Our Approach: The consortium delivered an evaluation to support Lambeth in understanding the processes that underpin the effective delivery of CBC and to assess the extent to which CBC activity leads to the development of stronger communities and more cost effective delivery of service outcomes. We used a Theory of Change approach to deliver this project and worked in close partnership with the client to develop this.
Impact: This work provided the Council with a sound evidence base to support decisions concerning the future of CBC as a borough-wide service delivery strategy.
Client: Royal College of Speech and Language Therapists (RCSLT)
Brief: The Royal College of Speech and Language Therapists (RCSLT) required a process evaluation of their programme known as The Box. The Box is a training package and screening tool aimed at improving the awareness amongst criminal justice professionals of the contribution speech and language services can make to the delivery of an efficient, effective and equitable criminal justice system.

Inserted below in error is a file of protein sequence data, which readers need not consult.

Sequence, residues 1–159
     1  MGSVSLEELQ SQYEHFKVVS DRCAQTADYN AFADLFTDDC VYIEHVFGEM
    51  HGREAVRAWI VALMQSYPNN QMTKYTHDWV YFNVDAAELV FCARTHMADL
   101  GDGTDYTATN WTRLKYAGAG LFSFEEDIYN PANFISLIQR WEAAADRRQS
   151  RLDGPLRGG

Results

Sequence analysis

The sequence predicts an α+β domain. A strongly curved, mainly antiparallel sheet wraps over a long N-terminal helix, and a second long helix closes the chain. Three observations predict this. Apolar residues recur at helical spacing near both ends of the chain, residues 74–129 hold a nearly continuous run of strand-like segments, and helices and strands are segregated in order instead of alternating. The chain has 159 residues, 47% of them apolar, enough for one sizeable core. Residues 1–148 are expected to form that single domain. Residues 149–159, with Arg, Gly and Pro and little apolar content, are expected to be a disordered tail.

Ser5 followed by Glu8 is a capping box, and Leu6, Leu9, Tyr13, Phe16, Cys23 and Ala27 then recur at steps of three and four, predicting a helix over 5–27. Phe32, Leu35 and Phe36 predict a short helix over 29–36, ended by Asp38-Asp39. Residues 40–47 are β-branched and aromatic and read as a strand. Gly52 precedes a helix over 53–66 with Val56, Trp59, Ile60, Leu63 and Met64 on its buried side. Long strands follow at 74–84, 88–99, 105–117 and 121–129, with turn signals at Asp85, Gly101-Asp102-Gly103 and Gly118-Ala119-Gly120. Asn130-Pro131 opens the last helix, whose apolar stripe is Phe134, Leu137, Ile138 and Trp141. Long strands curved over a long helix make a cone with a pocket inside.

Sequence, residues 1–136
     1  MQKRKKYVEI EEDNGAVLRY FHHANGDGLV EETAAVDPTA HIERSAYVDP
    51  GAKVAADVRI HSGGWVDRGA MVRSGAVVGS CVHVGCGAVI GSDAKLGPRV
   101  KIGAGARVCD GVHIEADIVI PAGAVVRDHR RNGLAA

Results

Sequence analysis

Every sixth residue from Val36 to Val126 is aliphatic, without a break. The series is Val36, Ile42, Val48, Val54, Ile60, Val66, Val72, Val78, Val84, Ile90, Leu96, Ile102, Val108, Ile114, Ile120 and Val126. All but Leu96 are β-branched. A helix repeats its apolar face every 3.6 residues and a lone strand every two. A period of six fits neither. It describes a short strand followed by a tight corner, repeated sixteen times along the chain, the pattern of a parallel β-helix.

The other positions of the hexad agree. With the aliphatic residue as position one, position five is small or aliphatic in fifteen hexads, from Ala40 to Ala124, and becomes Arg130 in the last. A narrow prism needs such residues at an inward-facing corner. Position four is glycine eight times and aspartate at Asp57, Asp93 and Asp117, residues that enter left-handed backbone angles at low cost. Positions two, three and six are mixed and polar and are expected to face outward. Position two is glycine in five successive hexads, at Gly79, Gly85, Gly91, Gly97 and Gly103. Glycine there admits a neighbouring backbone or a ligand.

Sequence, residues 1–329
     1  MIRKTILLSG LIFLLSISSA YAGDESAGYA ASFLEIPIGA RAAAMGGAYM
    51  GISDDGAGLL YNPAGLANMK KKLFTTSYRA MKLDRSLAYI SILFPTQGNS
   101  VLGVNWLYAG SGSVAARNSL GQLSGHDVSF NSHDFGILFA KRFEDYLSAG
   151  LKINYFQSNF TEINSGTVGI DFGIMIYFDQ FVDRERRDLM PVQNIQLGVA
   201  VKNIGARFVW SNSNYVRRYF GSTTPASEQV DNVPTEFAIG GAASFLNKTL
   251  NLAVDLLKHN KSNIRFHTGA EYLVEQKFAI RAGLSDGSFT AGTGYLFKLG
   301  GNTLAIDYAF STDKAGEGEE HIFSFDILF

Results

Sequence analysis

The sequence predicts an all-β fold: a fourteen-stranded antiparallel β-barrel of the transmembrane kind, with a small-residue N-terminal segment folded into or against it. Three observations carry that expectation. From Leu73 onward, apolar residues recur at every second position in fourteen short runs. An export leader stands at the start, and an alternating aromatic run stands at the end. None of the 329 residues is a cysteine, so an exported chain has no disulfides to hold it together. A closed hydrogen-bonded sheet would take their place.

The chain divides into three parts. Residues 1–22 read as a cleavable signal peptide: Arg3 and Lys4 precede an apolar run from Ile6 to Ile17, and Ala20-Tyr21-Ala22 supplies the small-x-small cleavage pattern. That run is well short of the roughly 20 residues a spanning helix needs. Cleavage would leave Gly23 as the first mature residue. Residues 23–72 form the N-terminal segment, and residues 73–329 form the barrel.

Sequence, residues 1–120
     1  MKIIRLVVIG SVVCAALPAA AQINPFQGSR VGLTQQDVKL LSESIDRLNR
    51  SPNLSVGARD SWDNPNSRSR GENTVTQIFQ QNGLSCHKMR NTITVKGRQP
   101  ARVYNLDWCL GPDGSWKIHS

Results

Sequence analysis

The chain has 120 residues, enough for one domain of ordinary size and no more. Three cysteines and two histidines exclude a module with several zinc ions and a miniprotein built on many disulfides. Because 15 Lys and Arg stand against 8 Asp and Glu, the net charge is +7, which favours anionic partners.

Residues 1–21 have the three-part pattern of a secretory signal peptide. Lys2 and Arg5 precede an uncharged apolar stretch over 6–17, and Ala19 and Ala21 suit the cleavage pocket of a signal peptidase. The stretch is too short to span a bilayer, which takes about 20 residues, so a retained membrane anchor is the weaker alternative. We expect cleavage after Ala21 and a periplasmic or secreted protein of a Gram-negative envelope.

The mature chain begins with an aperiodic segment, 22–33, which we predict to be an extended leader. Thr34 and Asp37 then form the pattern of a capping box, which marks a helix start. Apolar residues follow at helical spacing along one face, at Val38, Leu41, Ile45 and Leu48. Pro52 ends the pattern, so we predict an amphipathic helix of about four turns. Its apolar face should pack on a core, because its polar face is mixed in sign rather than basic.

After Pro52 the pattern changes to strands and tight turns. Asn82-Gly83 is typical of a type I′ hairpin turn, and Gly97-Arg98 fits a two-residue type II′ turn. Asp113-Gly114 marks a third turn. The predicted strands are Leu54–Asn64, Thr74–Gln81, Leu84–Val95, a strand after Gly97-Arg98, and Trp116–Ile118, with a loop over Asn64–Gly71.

Our Approach: We delivered a process evaluation to monitor the delivery of the work at five different criminal justice settings across the UK. Our final report concluded that all planned activities were being delivered, we did identify some variations and made clear suggestions for how each of these could be resolved by adapting delivery.
Impact: The report allowed the RCSLT to understand whether the planned activities were being delivered and to resolve situations where there were variations to the planned delivery.
Client:General Medical Council